Within five minutes of launching Loadout, most of my head was missing. Someone from across the map must have landed an impressive shot, because all I could see was my brain and eyeballs amusingly situated on my tree-trunk of a neck. I wasn’t dead, though — not even close. I still had my barely scathed, and strangely disproportionate body to rely on. That, and a massive gun that fires lethal streams of electricity. I chased the bastard that sniped me across the map for a good minute before landing a series of shocks into his backside. And as I watched his oversized body convulse in hilarious agony, I suddenly exploded. I was too busy laughing to notice the grenade land between my legs.
My first hour with Loadout was peppered with such offbeat moments, most of which resulted in my character falling apart. Everyone was out to get me, it seemed. I would pause to chuckle after a particularly entertaining kill, and suddenly a karmic energy beam would wipe the smile — skin, flesh, bones and everything else – from my face. I spawned, and almost immediately started laughing yet again when what appeared to be a battle-turned-massacre left several teammates of mine shuddering in a pool of discontent. This also resulted in my face being repainted by a rocket.
However, it wasn’t more than a dismemberment or two later that I was hopping around the map like a tweaker that just discovered a warehouse of Tylenol Cold & Flu. I wasn’t relying on lucky strikes or assisted kills for my share of XP anymore; I was blowing people to bits with pure skill. Mother would be so proud. And that’s what Loadout is about, really; killing stuff with awesomely pieced-together weapons, and watching the comical results unfold. It’s a game that doesn’t just push the online-shooter envelope; it stuffs it with anthrax and straps it to a stick of dynamite.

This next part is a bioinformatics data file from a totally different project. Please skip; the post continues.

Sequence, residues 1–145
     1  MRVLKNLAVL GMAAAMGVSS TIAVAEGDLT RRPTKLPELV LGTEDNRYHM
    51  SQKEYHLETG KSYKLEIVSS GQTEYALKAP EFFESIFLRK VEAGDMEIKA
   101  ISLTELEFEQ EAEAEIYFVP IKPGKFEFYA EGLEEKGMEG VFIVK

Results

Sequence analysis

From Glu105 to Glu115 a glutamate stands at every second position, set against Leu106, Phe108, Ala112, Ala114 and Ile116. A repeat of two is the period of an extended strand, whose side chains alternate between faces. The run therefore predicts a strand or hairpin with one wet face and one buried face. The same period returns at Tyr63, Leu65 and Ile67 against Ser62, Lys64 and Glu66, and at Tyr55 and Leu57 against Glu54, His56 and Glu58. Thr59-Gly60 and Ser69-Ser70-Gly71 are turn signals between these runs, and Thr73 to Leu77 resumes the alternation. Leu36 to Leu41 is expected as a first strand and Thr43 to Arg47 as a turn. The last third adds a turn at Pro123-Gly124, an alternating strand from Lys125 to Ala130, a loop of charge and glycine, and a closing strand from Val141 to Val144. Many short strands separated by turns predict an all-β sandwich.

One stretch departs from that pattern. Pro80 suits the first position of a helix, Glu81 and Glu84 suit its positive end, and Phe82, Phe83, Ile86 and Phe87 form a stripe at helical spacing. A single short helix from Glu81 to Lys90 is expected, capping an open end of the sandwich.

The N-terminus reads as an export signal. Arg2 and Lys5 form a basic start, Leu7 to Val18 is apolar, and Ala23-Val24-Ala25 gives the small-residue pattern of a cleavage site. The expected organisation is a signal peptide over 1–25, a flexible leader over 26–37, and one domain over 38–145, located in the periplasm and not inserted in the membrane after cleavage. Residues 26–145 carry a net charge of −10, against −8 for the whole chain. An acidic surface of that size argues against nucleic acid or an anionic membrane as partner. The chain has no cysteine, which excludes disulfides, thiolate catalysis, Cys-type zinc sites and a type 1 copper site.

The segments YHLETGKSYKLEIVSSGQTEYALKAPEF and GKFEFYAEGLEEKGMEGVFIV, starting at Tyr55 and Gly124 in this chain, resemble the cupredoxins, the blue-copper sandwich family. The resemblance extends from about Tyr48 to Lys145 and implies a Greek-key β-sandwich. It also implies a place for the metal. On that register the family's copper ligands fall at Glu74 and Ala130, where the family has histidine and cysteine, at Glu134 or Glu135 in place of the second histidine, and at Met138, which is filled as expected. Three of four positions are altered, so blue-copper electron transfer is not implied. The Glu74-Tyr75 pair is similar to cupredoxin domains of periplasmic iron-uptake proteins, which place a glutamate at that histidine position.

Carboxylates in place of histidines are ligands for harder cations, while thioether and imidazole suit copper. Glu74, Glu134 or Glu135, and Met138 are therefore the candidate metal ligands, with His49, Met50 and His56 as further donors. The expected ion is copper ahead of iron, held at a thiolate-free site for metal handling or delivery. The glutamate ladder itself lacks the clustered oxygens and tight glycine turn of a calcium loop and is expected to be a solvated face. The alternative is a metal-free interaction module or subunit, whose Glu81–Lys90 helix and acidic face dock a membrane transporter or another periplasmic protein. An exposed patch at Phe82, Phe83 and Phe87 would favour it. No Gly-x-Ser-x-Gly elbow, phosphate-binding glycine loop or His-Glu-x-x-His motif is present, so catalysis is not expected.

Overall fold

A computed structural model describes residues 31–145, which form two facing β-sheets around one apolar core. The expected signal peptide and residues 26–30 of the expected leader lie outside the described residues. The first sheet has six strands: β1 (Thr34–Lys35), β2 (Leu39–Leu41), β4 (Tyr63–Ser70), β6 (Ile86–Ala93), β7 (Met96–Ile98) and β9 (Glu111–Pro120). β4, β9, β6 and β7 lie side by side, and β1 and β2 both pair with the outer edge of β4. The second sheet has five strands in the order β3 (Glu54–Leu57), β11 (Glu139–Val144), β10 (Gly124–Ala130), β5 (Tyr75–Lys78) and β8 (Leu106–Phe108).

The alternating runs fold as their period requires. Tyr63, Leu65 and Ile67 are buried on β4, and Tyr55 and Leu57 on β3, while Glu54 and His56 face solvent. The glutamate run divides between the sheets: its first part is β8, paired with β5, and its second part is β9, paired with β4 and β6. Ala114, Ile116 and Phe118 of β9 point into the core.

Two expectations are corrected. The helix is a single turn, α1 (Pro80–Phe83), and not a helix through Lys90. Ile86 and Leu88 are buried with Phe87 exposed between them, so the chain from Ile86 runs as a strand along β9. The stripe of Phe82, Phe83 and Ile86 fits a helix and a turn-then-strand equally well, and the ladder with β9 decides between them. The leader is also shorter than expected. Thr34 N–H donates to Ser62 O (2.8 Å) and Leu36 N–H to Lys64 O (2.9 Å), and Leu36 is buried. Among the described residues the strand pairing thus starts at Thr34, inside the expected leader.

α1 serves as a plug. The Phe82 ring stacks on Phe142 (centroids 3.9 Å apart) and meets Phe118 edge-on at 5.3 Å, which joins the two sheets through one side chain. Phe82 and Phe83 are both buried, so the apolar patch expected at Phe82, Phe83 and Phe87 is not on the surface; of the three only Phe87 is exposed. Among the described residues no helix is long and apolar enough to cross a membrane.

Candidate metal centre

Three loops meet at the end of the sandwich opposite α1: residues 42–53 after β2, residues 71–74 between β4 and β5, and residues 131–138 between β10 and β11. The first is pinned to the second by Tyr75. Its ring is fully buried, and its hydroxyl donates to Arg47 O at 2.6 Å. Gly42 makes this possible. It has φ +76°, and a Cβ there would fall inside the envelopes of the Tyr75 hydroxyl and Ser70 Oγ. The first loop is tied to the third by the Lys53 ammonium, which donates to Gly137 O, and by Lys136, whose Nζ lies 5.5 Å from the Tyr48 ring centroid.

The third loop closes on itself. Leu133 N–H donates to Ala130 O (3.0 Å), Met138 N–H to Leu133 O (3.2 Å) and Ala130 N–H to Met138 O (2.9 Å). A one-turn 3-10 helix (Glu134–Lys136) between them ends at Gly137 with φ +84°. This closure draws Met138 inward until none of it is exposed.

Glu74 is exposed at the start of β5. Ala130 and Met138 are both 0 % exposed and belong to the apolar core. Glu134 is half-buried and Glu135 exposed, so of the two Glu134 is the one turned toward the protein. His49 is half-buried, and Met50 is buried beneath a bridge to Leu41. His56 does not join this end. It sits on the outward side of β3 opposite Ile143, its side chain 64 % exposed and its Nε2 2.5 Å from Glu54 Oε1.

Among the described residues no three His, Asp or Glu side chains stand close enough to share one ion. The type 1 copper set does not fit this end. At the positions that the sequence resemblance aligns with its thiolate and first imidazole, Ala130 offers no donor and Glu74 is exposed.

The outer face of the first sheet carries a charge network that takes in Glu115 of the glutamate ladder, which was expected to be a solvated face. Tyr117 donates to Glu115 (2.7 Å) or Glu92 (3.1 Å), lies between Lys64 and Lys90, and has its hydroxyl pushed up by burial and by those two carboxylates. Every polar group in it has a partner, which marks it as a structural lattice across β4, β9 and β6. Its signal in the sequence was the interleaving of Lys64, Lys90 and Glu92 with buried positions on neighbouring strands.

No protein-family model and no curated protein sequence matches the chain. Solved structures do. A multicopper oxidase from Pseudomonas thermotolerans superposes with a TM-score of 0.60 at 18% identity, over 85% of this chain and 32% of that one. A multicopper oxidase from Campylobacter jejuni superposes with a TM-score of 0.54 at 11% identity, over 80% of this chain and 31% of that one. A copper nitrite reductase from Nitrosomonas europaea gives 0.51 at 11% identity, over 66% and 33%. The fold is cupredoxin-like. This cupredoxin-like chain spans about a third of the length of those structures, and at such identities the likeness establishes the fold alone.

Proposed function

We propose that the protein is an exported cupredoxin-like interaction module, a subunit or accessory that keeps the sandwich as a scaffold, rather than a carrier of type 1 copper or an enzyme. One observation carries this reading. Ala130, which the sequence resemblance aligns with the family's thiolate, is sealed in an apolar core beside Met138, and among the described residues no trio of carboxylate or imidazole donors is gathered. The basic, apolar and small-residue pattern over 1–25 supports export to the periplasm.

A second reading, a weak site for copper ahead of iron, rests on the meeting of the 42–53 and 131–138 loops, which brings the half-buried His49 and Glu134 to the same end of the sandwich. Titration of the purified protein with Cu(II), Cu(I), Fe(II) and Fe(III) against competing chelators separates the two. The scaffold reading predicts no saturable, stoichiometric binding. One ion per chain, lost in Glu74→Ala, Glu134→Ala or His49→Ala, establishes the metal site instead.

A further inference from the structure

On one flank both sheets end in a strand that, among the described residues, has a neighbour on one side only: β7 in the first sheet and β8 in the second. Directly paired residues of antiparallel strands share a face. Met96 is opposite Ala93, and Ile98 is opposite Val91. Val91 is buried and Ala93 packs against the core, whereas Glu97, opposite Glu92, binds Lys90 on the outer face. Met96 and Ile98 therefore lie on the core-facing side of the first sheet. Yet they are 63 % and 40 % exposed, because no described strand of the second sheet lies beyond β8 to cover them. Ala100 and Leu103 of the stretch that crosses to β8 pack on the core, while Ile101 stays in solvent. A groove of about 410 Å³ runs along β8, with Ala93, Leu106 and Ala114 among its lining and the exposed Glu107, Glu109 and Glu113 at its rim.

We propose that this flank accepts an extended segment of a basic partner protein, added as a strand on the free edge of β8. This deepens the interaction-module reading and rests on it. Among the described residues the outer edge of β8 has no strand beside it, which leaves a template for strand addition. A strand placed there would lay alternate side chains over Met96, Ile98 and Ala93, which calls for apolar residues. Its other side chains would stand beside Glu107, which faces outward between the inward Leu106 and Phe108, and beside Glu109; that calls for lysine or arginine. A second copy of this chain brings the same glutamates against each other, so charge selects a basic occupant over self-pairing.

Sure, on the surface it would be easy to simply dismiss Loadout as another Team Fortress clone. After all, it looks like Team Fortress — bloated character models and everything — and probably smells like Team Fortress, too. That assessment wouldn’t be entirely accurate, though. It’s actually more of a Frankenstein, you see, and while Team Fortress does lend its visuals and third-person perspective to its structure, Loadout borrows its inventive features from various other games, as well. The most prominent, perhaps, is Borderlands, which confers its nearly unlimited supply of weapons to its wares. The only difference being that Loadout allows for customization across the board.
There’s no formal introduction to the gun party, either. You’re essentially given the role of weaponsmith from the get-go, and the possibilities are mind boggling, with rockets, incendiary bullets and plasma beams making up only a small portion of the thousands of choices you’ll encounter. The only thing holding you back from crafting a fire spouting sniper rifle that also heals your teammates is your imagination, and some of the available options seem to have been pulled directly from the Acme Corporation catalog.
It doesn’t stop with the weaponry, however. I mean, what’s the point of killing people if you can’t have pigtails, a slick leather vest and some 80’s shades while doing it? The correct answer is that there is no point, by the way. It’s clear that weapon customization is the primary focus, but there are various attributes that can be tinkered with as well, such as scores of costumes, decorative items and equipment that can be purchased from the Store, and then piled onto your character in a virtual dressing room of sorts. There’s even a tree that unlocks much of your upgradables as you progress through the levels, and makes for a nice goal-setting driving factor while you’re dodging missiles and murdering peeps.